Also, the above-mentioned migration of the refrigerant can be assisted by a refrigerant pump, or can take place naturally, thanks to the specific characteristics of the refrigerant – which is what happens with R-32 natural migration.
More on R-32 based natural migration Free cooling
R-32 refrigerant is known for the ability to naturally migrate to the condenser when certain conditions are met – hence the name of natural migration.
That is the way Daikin’s R-32 chillers with the patented Free Cooling option make free cooling happen. They use the R-32 ability to naturally migrate, with no assistance from any additional component like refrigerant pumps.
Daikin natural migration solution is glycol free on the water side, which ensures savings from a maintenance perspective, and also avoids any risk of contamination in process cooling applications.
Other than that, the natural migration free cooling makes chillers even more compact than those using a Hydronic module or assisted refrigerant migration. That is because not only the Free cooling technology is directly integrated in the chiller, but also because there are no additional components like refrigerant pumps. This, of course, means smaller and more compact footprint of the unit, but also translates into operative savings and maintenance-related savings.
The refrigerant migration, compared to Free cooling with the Hydronic module, can also be more efficient overall, as there is no air-flow restriction across the primary condenser refrigerant coil, therefore there is no derating on the chiller’s performance. There might be a downside to all this, though.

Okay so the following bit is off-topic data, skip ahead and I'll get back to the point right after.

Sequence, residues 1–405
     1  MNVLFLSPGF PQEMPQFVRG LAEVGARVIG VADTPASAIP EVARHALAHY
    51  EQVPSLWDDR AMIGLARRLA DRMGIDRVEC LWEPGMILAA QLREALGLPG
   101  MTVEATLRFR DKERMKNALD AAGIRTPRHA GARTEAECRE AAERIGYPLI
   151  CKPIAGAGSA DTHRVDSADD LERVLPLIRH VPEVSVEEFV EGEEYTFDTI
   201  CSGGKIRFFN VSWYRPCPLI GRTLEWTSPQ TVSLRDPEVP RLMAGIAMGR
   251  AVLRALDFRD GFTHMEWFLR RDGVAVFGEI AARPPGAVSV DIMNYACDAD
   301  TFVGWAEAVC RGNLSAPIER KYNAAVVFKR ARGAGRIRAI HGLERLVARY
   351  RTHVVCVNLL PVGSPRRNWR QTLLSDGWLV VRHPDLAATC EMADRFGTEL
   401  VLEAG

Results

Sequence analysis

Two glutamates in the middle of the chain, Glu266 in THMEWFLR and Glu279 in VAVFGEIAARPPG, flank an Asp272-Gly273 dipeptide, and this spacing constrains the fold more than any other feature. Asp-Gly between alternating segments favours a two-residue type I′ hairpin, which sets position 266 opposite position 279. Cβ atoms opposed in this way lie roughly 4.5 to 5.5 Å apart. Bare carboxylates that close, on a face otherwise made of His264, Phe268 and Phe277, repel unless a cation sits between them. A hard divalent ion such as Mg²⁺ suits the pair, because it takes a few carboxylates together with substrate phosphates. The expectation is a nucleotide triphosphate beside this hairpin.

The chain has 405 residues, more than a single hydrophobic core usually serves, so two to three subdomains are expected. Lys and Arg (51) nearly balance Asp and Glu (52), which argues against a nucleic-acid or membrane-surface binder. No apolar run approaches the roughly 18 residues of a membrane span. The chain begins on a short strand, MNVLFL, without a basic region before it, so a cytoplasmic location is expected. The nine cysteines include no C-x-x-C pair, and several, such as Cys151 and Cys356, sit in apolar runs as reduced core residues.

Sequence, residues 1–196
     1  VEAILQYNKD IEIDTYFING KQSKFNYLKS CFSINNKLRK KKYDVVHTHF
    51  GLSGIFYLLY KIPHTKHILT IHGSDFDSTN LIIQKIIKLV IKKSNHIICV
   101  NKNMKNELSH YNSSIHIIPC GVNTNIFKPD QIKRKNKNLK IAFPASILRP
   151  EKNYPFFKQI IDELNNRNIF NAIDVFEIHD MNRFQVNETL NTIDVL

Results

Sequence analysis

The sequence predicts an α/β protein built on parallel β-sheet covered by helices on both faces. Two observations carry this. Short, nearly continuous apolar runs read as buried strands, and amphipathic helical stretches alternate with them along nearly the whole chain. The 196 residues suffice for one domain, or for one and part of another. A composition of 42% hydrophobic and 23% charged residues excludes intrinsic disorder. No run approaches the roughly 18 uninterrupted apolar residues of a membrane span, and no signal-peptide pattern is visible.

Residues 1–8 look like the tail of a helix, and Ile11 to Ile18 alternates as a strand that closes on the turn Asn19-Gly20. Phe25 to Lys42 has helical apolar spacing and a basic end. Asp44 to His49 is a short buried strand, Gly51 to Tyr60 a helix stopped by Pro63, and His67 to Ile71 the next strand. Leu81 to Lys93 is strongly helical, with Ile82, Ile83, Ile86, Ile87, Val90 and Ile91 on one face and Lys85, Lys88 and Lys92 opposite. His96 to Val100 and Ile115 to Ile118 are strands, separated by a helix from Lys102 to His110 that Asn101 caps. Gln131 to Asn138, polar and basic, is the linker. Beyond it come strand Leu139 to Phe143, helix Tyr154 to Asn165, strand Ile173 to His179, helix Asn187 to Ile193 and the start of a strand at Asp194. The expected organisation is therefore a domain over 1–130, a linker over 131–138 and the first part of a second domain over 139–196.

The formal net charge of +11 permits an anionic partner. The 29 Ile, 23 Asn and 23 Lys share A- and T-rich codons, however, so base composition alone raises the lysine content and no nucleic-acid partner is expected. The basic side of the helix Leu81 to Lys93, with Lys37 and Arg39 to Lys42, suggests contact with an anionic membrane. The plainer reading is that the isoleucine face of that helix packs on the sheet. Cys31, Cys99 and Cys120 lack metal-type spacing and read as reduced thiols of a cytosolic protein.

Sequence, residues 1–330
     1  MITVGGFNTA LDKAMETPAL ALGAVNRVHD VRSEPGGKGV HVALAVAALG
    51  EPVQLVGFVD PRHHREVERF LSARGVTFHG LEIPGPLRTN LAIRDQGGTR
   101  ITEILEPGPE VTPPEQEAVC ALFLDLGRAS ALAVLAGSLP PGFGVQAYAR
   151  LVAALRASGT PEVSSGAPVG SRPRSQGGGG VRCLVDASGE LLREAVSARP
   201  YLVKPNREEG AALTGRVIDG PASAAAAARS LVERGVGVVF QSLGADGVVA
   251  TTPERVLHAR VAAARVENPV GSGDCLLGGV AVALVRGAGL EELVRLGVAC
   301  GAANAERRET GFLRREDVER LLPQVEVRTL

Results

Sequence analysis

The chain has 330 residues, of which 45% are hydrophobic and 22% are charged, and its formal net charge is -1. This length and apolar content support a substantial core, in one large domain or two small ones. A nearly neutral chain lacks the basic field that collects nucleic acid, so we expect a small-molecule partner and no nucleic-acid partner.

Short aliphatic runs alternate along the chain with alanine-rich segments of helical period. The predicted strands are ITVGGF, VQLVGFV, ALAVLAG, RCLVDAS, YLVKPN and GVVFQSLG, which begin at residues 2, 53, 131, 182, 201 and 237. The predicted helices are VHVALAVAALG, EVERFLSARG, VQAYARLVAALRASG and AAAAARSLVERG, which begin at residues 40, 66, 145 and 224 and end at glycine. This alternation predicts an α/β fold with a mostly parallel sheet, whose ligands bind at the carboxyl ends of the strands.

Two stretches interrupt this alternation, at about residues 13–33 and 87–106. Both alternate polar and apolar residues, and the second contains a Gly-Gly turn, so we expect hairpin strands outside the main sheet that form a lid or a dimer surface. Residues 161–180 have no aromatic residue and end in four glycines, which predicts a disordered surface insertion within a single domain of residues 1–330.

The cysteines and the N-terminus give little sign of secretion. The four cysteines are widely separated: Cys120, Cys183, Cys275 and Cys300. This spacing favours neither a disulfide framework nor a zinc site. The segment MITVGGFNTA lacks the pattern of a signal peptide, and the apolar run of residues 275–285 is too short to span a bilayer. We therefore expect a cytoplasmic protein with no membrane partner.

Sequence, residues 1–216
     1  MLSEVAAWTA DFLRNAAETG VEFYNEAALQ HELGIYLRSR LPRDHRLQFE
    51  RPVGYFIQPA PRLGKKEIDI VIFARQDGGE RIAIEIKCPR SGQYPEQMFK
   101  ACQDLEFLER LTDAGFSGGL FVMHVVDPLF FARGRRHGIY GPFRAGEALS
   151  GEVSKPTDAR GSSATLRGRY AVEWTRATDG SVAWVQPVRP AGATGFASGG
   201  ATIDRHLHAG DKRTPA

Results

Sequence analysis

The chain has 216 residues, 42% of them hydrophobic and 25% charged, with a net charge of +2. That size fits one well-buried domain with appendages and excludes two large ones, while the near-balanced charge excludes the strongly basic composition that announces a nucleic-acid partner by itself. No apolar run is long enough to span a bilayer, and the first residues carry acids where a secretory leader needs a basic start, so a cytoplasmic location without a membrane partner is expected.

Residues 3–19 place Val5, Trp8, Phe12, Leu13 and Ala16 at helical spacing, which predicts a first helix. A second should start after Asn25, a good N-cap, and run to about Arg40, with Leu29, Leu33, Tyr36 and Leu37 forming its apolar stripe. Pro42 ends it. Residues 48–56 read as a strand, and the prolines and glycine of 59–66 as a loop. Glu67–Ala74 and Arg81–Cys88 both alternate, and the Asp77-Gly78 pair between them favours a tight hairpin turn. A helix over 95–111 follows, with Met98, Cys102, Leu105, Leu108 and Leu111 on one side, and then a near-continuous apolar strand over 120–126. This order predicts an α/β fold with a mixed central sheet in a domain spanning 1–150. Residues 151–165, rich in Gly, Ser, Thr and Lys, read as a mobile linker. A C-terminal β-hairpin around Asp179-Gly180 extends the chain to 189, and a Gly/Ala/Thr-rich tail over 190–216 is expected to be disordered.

Natural migration Free cooling, contrary to what happens with the Hydronic module Free cooling, can only partially recover the chiller’s cooling load – Daikin’s R-32 Free cooling units can recover up to 75% of the chiller cooling capacity.
So, we essentially have a full Free cooling option with the Hydronic module on one side, and on the other side we have a partial Free cooling option, which ensures more compact footprint, more efficiency and potentially lower costs associated with maintenance.
Each of the options mentioned above have their place and their value depending on the requirements of specific HVAC projects.
Despite the slightly lower efficiency and the less compact footprint of the technology, it is clear that the Hydronic Free cooling option is a valuable solution for all those applications requiring full Free cooling. So, it is a good solution for those applications that need to recover the full cooling capacity of the chiller.